At this point, I called upon Rule #4. I knew that another friend of mine named Megan Horvath was in the Boston area and she was on the cheerleading squad with Jenny in junior high. I ran into Megan a little over a year ago in Pittsburgh where we grew up. She had told me she was pursuing a Master's in Education at Boston College. Knowing this, Seth and I headed towards Boston College. That turned out to be very far away.

An hour on the trains later, we were in Brighton, MA at the foot of Boston College's campus. Asking for the graduate center, we headed across campus. We nearly passed by the correct building, but a friendly person that had been following us across campus who had heard us asking others where the Fulton Building is located. In the Fulton building we found two graduate students that did not know Megan, but they did think to check the college's listing of students. Because I did not suggest this or actually use the internet, this was ok. They did find Megan in the directory, which told me her address. I did not initially feel comfortable heading for her house, so I checked the school of education.

The School of Education was empty, basically. In the admissions office we found some people that knew Megan, but they did not know her schedule or where to find her. After a little more wandering, we decided to head for her house. It was getting dark and cold, so we wanted to find some one soon.

JGL and Megan Horvath

Asking a police officer where to go, we found Megan's street and in short order we found Megan. "Oh my God! What are you doing here?!" Not entirely surprised by her response, I explained the project to her and after a minute she let us in to rest our feet and to get some water. Megan told us that she had seen Jenny in December 2004 in Pittsburgh at a Chinese restaurant. They did not speak to each other, but acknowledged each other. Had Megan spoken to Jenny, they CLP might have become complete for this mission. One conversation short, but close.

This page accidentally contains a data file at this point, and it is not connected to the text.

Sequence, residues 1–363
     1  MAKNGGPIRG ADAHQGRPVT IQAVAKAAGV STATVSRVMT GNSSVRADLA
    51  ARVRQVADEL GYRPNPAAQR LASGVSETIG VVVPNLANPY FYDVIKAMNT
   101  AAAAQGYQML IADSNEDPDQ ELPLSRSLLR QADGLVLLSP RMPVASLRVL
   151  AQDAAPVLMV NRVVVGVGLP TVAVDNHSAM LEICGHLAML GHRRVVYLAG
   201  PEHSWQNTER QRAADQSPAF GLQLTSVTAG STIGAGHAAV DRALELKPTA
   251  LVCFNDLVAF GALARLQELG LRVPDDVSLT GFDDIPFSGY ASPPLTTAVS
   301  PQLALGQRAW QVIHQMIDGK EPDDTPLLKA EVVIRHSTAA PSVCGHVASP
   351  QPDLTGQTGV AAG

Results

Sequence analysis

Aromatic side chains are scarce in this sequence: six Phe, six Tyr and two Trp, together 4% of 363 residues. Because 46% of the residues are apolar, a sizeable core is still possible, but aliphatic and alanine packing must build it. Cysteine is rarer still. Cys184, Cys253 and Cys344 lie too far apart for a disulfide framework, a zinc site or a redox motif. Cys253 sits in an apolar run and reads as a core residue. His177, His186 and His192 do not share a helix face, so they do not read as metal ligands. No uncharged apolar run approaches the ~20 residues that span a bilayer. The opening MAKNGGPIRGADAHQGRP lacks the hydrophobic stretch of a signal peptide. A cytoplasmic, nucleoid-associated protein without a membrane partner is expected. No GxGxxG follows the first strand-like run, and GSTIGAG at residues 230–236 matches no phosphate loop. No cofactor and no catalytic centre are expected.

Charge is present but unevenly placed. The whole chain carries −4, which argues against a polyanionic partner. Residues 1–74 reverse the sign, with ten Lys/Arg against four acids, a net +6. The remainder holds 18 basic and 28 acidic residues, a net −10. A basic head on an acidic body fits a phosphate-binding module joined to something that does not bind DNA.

I was surprised in conducting this project how many people thought I was trying to track down the love of my life. If I were trying to track down the love of my life, I don't think I would go about it but with a video camera and a sign asking people in the street. Some people thought more disturbing that I was simply looking for a friend of mine just to say "hi".

8 hours of separation is what stands between myself and Megan Horvath, not a bad number, I think. It was a little more than 6 degrees of separation, but the project displayed the value of a conversation in contemporary society. Whether people thought the project cute or malice, the reactions show how people are aware of the influence and power of face to face communication.

I plan to expand this project, but have not decided in what direction. I think I might want to try this project again in another town to see if there are differences between the networks in towns. Are other cities closer socially? What level of closeness does Boston actually have? Did I choose a particularly difficult city to start this project? We'll see.

Thanks to Seth Gass for being a great friend and video guy. Seth was 100% gung-ho for this project and supported me through out. Thanks to everyone in Boston that I talked to and helped me out. Without these people the network would have been drastically different.